The ASHFoundation’s endowment funds, many of them established in the name of exceptional researchers and clinicians in the field of communication sciences and disorders, offer sustaining program support. Each endowment fund serves a special purpose, often concentrated in a particular topic area.
Louis M. DiCarlo Fund
Supports the Louis M. DiCarlo Award for Recent Clinical Achievement (view past recipients)
Louis M. DiCarlo was an audiologist and speech-language pathologist who spent his career helping children and war veterans. He held faculty and academic leadership roles in half a dozen educational institutions from Hawaii to New York. He conducted many important research studies, wrote three books and dozens of scientific and general interest articles, and presented papers in London and Italy. Early in his career, while living in Northampton, Massachusetts, DiCarlo founded the first public school class for deaf children in the U.S.
His interest in communication sciences and disorders began when DiCarlo, working in the city and county welfare departments in Schenectady, New York, during the Depression, became the caseworker for a family with a deaf child. During World War II, DiCarlo served in the Army as battalion sergeant major, treating soldiers deafened in battle. This later led to his important work as chief of audiology and speech pathology at the Veterans Administration.
DiCarlo died on October 29, 1996, at 93.
Rolland J. Van Hattum Fund
Supports the Rolland J. Van Hattum Award for Contribution in the Schools (view past recipients)
Rolland J. Van Hattum was a master teacher and clinician, setting the standard of excellence in service delivery. He was admired for his energy, enthusiasm, and compassion, especially toward children. Van Hattum was the author of many articles and books, including a series on speech-language programming in the schools. He represented the speech-and-hearing profession nationally and internationally on committees and at meetings.
Van Hattum served in many leadership roles, including as president of the American Speech-Language-Hearing Association (1977) and as ASHA vice president for education and scientific affairs (1973–1976). He was also a member of the ASHFoundation Board of Trustees from 1979–1981 and 1985–1987.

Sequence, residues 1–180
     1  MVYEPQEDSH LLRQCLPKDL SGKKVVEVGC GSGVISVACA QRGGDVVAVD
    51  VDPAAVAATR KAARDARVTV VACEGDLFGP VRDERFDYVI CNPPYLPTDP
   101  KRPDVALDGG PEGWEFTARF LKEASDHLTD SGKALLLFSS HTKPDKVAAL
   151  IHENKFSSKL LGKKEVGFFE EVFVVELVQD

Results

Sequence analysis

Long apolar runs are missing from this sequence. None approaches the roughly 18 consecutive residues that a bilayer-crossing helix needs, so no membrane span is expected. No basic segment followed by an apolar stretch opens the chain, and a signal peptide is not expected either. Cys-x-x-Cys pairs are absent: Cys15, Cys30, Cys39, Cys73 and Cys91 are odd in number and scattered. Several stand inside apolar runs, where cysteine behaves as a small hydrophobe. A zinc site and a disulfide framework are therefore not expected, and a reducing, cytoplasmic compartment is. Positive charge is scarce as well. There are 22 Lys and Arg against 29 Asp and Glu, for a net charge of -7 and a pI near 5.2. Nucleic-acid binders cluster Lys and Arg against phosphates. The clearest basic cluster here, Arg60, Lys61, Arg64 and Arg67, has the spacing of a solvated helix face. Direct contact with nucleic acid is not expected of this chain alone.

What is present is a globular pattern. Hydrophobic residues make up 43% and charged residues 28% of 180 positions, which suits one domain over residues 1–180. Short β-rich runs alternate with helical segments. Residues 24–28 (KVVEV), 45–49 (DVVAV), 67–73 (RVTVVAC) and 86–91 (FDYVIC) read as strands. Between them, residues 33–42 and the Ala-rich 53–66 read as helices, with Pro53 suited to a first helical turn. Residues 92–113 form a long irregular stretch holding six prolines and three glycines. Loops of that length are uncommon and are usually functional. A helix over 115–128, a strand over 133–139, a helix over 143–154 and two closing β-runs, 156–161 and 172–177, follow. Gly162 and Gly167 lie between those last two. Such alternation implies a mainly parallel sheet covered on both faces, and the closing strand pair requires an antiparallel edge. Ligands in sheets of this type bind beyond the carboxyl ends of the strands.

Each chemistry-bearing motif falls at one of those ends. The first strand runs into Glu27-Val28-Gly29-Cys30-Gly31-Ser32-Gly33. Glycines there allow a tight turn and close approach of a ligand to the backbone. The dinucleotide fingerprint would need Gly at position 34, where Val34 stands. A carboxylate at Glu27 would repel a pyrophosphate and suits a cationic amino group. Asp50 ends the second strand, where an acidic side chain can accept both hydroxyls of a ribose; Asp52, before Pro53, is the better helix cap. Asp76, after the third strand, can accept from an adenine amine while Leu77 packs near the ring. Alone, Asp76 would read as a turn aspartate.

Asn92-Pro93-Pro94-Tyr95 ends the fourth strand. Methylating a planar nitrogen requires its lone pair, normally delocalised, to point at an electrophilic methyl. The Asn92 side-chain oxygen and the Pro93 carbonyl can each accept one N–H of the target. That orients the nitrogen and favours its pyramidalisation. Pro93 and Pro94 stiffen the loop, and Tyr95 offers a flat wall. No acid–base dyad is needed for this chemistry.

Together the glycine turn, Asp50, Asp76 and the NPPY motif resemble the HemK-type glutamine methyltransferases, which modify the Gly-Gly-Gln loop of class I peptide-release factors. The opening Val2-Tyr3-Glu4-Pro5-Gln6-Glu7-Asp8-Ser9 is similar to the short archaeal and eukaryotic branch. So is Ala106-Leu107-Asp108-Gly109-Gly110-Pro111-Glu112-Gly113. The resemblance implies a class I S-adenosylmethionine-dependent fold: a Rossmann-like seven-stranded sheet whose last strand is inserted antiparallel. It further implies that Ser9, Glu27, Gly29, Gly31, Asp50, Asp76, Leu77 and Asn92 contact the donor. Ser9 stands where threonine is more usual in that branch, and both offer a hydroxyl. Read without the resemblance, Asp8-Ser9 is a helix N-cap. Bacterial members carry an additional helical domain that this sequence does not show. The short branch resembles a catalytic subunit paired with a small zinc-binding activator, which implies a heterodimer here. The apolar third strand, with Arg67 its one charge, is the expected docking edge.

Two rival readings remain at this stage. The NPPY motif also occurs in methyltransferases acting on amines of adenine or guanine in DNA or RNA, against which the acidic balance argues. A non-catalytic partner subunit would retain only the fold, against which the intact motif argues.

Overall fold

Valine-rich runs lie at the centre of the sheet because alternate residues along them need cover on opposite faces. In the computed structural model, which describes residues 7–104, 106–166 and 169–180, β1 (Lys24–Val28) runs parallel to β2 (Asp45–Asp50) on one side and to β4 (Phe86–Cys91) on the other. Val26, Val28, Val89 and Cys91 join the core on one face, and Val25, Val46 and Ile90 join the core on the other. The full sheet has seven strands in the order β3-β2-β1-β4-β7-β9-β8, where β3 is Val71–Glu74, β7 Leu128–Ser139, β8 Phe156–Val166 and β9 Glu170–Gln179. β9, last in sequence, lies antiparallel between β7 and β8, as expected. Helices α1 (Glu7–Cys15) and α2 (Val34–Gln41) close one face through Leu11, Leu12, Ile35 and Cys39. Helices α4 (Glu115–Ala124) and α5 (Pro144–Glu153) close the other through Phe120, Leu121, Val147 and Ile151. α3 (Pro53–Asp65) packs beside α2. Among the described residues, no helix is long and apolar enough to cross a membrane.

He worked in consulting and leadership roles in the schools, as well as director of the Speech and Hearing Clinic at the State University of New York, College of Buffalo. He was so well known for his support of school-based speech-language pathologists that ASHA’s Public School Caucus honored him with the establishment of the Van Hattum School Professionals Advocacy Award; he was its first recipient.
Van Hattum died on March 9, 1987, at 62.
Brad W. Friedrich Memorial Fund
Supports the Student Research Grant in Audiology (view past recipients)
Brad W. Friedrich was an expert in pediatric audiology. He served on the faculty of the University of Minnesota’s Department of Otolaryngology, as well as the chief of audiology at the Kennedy Institute (now the Kennedy Krieger Institute) in Baltimore for nine years. During the same period, he was also a faculty member at the Johns Hopkins School of Medicine in the Department of Pediatrics.
Friedrich was active in the profession, serving on ASHA’s Legislative Council and the board of the Hearing and Speech Agency of Metropolitan Baltimore (now the Hearing and Speech Agency of Baltimore). He was also a consultant to the Maryland state department of health. In 1981, Friedrich was awarded the Outstanding Young Alumnus Award from Wisconsin State University.
Friedrich died October 3, 1987, at 38.
Dennis Klatt Memorial Fund
Supports the Speech Science Research Grant (view past recipients)
Dennis H. Klatt was a noted researcher in speech and hearing science whose research led to contributions to the science and technology of speech recognition by machine. He combined fundamental research of human speech and applied research leading to practical devices, and was interested in speech processing in the auditory system and central nervous system of humans.
Klatt developed a flexible computer-based synthesizer used to generate sounds in basic studies of human speech perception, which later evolved into a complete system for synthesis of speech from English texts. His work was adapted for commercial applications by Digital Equipment Corporation as DECtalk. An author of more than 60 scientific papers, Klatt spent most of his professional career at the Massachusetts Institute of Technology as a senior research scientist. In 1989, the Klatt Memorial Fund was established by the ASHFoundation and the Acoustical Society of America to recognize the impact of Klatt’s work.